Avoiding gynaecological and obstetrical violence by respecting and listening to each women
On the occasion of International Women's Rights Day on 8 March, the Brussels University Hospital (H.U.B) - which brings together the Erasmus Hospital, the Children's Hospital and the Jules Bordet Institute - is highlighting, as a space dedicated to life and care excellence, the gynaecological and obstetrical violence suffered by women. Violence that is a reality. Violence that exists, which happens, whether voluntarily or otherwise. It is time to speak of the damage done and to achieve medical progress thanks to the experience of patients.
A carte blanche signed by Anne Delbaere, Clotilde Lamy, Isaline Gonze, Anne Holoye, Maxime Fastrez & Philippe Simon
The medicalization of childbirth, together with all the advances in terms of medical care and treatment, represents major progress that has made it possible to considerably reduce maternal and infant mortality as well as the various complications associated with childbirth. This is accompanied, however, by new medical procedures, actions and techniques (episiotomy, caesarean section, etc.) that can be violent for the patient and generate a negative perception of childbirth. These practices can be carried out too quickly and in cases that sometimes could have been avoided. The WHO has warned of an excessive use of these practices and advocates a "positive experience of childbirth". Members of the medical profession and medical structures and institutions are an inherent part of this experience.
Gynaecological and obstetrical practices evolve over time. On one hand, among members of the medical profession, the practices of a few decades ago are no longer those of today. With developments in scientific knowledge, gynaecological and obstetrical medicine is becoming increasingly precise and personalised. On the other hand, among patients tongues have loosened and women are daring to say what they feel. Based on the experience of care staff and patients, acts of the past, such as systematic vaginal examinations, are no longer practised today. Nothing is set in stone, medicine will continue to evolve and continued dialogue between women, or between women and care staff, will lead to a better understanding of what each patient feels.
Dialogue, mutual respect and trust between the carer and the woman constitute the foundation for a care that respects the woman's needs. Within our institutions our patients are active partners in their own care, whether in terms of a parental project, childbirth or the choice between the treatment options available for different gynaecological pathologies. This dialogue enables our patients to assume an increasingly important role in choosing the treatment they receive. The different clinics and the functional unity of the service are rooted in an approach that integrates the human aspect and respect for patients. Dialogue is primordial and results from the desire of both parties to progress together in these life projects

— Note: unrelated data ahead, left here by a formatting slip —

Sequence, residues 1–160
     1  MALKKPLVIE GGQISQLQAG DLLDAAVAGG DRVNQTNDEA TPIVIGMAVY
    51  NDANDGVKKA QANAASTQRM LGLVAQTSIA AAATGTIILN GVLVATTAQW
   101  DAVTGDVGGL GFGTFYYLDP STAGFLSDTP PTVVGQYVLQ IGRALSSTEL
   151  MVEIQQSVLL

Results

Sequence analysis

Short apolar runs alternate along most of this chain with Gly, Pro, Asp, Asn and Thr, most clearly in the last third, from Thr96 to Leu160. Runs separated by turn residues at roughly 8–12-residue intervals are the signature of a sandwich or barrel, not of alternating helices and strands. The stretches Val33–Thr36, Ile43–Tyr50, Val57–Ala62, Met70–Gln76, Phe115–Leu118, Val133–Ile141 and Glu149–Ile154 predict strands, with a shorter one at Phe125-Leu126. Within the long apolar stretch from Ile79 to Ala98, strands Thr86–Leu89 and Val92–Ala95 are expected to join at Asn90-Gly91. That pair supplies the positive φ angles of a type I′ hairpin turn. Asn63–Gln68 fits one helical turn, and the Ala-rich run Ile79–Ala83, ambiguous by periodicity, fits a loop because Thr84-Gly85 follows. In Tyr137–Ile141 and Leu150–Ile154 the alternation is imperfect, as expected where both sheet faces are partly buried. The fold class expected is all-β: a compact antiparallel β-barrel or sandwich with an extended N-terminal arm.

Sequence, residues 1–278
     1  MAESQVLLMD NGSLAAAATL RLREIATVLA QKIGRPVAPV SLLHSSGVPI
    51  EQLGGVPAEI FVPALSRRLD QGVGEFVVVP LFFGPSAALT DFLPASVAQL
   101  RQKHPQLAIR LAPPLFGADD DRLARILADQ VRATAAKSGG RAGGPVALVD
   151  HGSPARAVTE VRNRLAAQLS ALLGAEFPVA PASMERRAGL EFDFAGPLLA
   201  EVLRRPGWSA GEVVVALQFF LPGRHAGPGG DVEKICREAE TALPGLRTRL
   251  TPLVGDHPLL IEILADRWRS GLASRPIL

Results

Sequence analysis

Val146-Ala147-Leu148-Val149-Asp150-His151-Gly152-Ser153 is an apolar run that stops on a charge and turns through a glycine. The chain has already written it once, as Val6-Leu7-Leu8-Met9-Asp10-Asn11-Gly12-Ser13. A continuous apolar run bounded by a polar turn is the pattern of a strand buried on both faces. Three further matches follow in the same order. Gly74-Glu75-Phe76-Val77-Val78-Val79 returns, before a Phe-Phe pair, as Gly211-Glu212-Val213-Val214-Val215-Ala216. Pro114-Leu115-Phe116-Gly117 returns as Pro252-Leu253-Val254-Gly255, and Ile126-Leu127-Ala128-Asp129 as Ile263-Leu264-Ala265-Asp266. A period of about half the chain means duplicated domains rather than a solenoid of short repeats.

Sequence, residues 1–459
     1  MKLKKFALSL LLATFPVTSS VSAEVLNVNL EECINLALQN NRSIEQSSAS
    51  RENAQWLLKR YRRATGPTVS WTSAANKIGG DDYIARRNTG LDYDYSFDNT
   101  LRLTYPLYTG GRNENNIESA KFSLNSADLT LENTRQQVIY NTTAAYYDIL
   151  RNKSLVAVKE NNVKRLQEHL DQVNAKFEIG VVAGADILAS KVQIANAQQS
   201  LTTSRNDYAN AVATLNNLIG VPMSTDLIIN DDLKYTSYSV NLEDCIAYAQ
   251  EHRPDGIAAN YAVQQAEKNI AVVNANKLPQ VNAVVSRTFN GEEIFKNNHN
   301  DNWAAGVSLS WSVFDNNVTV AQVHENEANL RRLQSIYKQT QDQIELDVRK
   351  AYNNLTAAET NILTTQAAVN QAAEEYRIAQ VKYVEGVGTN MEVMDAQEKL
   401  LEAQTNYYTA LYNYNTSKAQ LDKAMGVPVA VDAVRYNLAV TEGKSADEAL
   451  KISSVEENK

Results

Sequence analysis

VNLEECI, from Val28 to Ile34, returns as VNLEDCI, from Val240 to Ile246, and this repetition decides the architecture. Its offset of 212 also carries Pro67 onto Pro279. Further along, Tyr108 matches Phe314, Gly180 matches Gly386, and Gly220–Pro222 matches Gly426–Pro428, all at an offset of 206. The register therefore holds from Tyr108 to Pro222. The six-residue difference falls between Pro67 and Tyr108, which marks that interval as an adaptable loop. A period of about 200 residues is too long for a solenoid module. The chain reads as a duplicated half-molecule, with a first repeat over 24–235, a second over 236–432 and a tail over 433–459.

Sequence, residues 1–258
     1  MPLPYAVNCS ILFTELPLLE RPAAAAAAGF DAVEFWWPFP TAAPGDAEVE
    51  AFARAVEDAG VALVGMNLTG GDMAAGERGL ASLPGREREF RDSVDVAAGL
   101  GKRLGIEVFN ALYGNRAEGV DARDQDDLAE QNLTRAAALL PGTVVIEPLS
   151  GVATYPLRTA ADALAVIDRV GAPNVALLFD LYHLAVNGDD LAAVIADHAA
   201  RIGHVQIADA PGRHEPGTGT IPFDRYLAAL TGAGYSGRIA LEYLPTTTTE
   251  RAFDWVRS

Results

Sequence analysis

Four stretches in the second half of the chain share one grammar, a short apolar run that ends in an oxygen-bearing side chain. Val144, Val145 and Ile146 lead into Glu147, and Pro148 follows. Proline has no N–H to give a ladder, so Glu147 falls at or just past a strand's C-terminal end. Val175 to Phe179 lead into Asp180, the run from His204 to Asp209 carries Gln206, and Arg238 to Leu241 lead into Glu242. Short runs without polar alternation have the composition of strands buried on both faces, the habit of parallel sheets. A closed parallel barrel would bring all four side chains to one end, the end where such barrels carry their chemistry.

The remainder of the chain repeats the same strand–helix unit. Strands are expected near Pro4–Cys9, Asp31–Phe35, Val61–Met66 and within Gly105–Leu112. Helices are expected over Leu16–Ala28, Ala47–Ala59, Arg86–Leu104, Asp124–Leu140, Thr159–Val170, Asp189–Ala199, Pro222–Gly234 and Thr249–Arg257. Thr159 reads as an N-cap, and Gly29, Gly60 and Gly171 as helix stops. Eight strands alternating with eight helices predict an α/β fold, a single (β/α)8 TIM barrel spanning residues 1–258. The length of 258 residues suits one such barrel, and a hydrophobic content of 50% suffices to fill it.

True to the humanist values of our institutions, we are committed to training the gynaecologists and obstetricians, midwives, and nurses of the future to pay particular attention to the relationship between care staff and patient, to communication, to the notion of informed consent and to promoting a human approach to medical care. As the training of care staff extends beyond the hospital itself, we also support professional associations that participate in the profession's general development by sharing their expertise. We encourage patients to give thought to their birth plan. On a day-to-day basis we discuss cases as a team to analyse delicate situations, in particular in the event of emergency interventions, difficult consultations or during technical procedures. For us, patient consent is of the utmost importance. It is important to discuss what the patient has experienced and feels and, as far as possible, to anticipate together any situations that may arise – even the most serious ones – and how to react in such cases. We approach these discussions in a spirit of total transparency and goodwill. We encourage every doctor and every nurse to take the time to listen to each and every patient.
Women are entitled to gynaecological and obstetrical care that respects their wishes and right to be heard. While women themselves have the right to take care of themselves in the best way possible, to monitor their own gynaecological health and to make the choices that they feel are right for them, in terms of motherhood, the refusal of motherhood or contraception, for example. The dialogue must be two-way and it is by bringing together the experiences of the care staff and the patient that in partnership one can arrive at the very best possible care that respects the decision-making autonomy of the patient.